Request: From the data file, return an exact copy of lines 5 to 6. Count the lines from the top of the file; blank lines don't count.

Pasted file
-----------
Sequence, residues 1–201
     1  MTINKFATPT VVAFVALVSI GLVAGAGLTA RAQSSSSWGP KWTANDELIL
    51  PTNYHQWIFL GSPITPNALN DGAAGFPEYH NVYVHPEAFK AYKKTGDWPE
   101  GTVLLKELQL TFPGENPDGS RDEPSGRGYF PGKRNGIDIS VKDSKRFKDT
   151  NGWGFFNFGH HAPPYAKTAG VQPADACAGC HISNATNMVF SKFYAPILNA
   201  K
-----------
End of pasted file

   151  NGWGFFNFGH HAPPYAKTAG VQPADACAGC HISNATNMVF SKFYAPILNA
   201  K